Campaigners today spoke of their anger after more than a dozen anti-fracking signs were stolen by thieves.
The Preston New Road Action Group, which is against shale gas drilling in Little Plumpton, says 13 placards showing opposition to fracking have been deliberately stolen.
We are investigating a report of signs being stolen from Weeton
Applications to frack at two sites on the Fylde coast, off Preston New Road and in Roseacre, near Elswick, by Cuadrilla Resources, are currently being considered by Lancashire County Council.
Bright yellow signs have appeared along roads and outside homes in the Weeton area, bearing the logo of campaigners Frack Free Lancashire and erected by those opposed to the controversial method.
It is these that campaigners now say have been deliberately taken.
Police have confirmed they are investigating the alleged theft of 13 signs, worth around £10 each, from public routes in Weeton village.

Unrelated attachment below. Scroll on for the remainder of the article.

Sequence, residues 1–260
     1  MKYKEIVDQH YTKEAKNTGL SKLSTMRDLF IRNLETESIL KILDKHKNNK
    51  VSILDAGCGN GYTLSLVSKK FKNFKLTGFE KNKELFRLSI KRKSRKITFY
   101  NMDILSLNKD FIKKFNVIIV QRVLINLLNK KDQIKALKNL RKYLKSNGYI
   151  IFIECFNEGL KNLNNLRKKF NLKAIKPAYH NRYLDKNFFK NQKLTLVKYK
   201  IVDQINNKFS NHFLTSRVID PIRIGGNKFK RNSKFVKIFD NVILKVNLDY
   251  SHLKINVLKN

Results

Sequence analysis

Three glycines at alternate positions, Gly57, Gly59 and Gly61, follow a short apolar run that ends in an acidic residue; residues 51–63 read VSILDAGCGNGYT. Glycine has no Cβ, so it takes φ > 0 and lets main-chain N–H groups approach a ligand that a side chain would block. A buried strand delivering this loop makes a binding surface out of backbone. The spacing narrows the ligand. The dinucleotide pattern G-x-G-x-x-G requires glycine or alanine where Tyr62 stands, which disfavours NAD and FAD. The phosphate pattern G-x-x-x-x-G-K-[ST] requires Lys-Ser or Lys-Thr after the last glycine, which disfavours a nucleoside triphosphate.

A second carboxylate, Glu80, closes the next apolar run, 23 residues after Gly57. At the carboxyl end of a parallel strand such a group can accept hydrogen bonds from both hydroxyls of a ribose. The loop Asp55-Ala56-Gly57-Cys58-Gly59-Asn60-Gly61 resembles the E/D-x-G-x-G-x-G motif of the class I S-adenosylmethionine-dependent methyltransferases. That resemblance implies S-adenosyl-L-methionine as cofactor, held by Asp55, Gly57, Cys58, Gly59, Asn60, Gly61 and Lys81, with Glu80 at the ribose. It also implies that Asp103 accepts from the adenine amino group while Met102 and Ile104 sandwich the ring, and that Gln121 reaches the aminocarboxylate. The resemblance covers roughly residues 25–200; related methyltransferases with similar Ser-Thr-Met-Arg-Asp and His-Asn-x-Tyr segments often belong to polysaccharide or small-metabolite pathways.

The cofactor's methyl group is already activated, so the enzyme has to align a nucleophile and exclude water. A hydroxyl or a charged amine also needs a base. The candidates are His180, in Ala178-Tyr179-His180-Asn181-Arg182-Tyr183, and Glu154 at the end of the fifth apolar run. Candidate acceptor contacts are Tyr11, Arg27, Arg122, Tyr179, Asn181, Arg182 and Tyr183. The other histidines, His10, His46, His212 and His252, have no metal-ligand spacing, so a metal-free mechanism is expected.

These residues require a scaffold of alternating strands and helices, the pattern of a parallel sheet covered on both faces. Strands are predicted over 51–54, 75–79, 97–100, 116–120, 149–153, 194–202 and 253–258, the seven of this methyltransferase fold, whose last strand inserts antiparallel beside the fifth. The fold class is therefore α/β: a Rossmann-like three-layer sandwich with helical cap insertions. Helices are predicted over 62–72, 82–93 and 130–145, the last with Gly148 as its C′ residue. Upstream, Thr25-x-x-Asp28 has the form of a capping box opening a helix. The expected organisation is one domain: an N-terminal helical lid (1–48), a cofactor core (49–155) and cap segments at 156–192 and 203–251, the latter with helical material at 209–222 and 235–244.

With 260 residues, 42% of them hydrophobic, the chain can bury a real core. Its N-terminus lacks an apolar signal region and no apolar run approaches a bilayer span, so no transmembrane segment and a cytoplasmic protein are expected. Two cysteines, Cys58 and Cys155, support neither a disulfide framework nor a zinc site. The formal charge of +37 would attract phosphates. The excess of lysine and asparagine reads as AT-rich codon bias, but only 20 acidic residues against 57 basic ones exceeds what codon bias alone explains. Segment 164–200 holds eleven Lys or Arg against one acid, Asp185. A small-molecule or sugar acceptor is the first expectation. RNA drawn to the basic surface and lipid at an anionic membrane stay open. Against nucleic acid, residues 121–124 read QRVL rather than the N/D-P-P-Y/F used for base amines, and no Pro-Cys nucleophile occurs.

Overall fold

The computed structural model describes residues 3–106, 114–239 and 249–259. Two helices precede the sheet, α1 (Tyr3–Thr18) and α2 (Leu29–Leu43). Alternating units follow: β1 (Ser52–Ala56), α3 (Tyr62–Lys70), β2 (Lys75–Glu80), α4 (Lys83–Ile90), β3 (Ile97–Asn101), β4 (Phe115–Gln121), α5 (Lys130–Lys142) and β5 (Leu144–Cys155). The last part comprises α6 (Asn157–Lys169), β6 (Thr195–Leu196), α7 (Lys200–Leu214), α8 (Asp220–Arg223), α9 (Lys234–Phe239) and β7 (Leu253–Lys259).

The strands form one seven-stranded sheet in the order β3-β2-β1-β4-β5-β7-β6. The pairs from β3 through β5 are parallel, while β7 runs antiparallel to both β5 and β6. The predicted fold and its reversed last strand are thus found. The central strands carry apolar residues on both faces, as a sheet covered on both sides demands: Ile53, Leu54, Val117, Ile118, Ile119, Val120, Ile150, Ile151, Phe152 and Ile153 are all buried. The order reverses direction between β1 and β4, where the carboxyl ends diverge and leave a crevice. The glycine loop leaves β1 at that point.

A spokesman for the neighbourhood policing team in Weeton said: “We are investigating a report of signs being stolen from Weeton.
“The incident happened at around 1.45am on March 14.
“It is believed that 13 may have been stolen, worth around £10 each.
“It was initially reported that one had been taken but it has since transpired others have been removed.”
Patricia Davies, chairman of the Preston New Road Action Group, said those with strong opinions on the matter should not be deterred from voicing them.
She added: “We believe there is a group operating in our area apparently determined to intimidate us and stop us from voicing our objections to fracking.
“The people doing this show absolute contempt for residents’ opinion, or indeed their right to express an opinion on their own land.
“Theft is not a minor offence when it is committed on a large scale like this, and at dead-of-night.
“We hope the police will now conduct a full investigation and carry out their job, to protect our community.”
Fracking is the process of injecting water and chemicals are pumped underground at speed to crack, or fracture, shale rock in order to release natural gases.